Now look, no one needs to be granted freedom to feel anything for a particular movie, or, for that matter, to speak his or her mind about it. It's like that old-time feminist baloney of the '80s about how women are silenced—silenced!—by society. Bullied by those scary boys into not speaking up and all that. But as far as being cowed into having, or not having, strong convictions about a movie: It strikes me that all of the people who so strongly felt the need to disentangle themselves from the Pauline Kael legend—well, what, exactly, was it that they felt entangled them? I keep reading that Pauline was a dictator, and these apron-string-cutters (we all know who they are, but do I have to be the ones to name names?) had to break free from her or they'd suffocate. The recurring refrain in these pieces is, "You just couldn't stand up to her!" You couldn't? Well, whose problem was THAT? This idea that she was running some sort of Dr. Moreau-style outfit where she was growing mutant critics under bell jars, cloning them in her own image—well, OK, now's the time to come clean: I used to be ZuZu the Leopard Girl, and look at me now.

But seriously: To me, Pauline—and let's say I'm talking about an idea of Pauline, drawn from both Pauline the person and Pauline the writer, as opposed to "Pauline our friend" or whatever—represents the exact opposite of dictatorial thinking. She just represents total freedom, freedom married with intellect. And please, this isn't Inside Baseball at all—you didn't have to know her to be hip to this. I get letters from people all the time, telling me what her work meant to them. They feel exactly as I do. I mean, just reading her was freeing. I'm putting it badly, so let me point you toward someone who said it a lot better. Greil Marcus—someone who loved Pauline a lot—writing about I Lost It at the Movies in ArtForum a few years ago, told a story about the night he graduated from high school. A bunch of kids were out wandering around, maybe kind of drunk, just looking for something. (My apologies to Greil if I'm getting some of the details wrong—I can't lay hands on the damn clipping right now.) So they go to this theater to see Pirates of Blood Island, which is just so incredibly lousy. And one kid stands up, his arms open wide, faces the audience and yells, "I nominate this movie shit-fuck of the year, 1962!" And the kids finally get the release they were looking for. They just went wild.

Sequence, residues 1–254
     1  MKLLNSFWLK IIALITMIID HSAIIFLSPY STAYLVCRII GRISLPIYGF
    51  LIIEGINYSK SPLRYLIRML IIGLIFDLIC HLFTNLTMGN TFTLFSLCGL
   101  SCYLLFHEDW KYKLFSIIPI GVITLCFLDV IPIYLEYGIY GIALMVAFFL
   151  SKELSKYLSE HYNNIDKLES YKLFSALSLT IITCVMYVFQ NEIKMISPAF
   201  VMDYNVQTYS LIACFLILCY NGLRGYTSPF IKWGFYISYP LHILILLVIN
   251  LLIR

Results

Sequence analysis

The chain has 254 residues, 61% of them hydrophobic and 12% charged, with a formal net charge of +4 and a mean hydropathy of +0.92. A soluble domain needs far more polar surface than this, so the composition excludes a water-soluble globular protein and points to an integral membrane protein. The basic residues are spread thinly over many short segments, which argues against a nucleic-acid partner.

Again, my apologies to Greil for paraphrasing the thing so clumsily, but you get the idea. Greil told that story as a way of explaining how reading I Lost It at the Movies made people—people of a certain mindset or temperament—feel totally free.

David, I remember sitting next to you at that New York Film Festival screening of Dogville. We clung together, figuratively speaking, like the Gish sisters in Orphans of the Storm, united in our hatred of the thing. What would you have done if I'd stood up and yelled, "I nominate this movie …"? I wouldn't have—I don't think it has enough life in it to live up to that rallying cry. (But it was the only time, spontaneously and spurred by nothing but instinct, I ever hissed at a movie.)

I think that's enough, from me, about Dogville. I can't wait to move on to Sideways, to Spanglish, to that Clint Eastwood smudge-of-a-thing I saw flickering on the screen a few weeks ago. (I tried to swat it away, but it wouldn't move. Glasses dirty? No. I'm still trying to figure it out.)

Anyway, it's late, and I need to apply my head to the aesthetic of my pillow. Love to you all, and no Dogville dreams for any of you, I hope.


P.S. Oops—my 10-best list is here.

David Edelstein isSlate's film critic. Scott Foundas is a film critic for LA Weekly. Christopher Kelly is a film critic for the Fort Worth Star-Telegram. Wesley Morris is a film critic for the Boston Globe. A.O. Scott is a film critic for the New York Times. Charles Taylor is a film critic for Salon. Armond White is the film critic for the New York Press. Stephanie Zacharek is a film critic for Salon.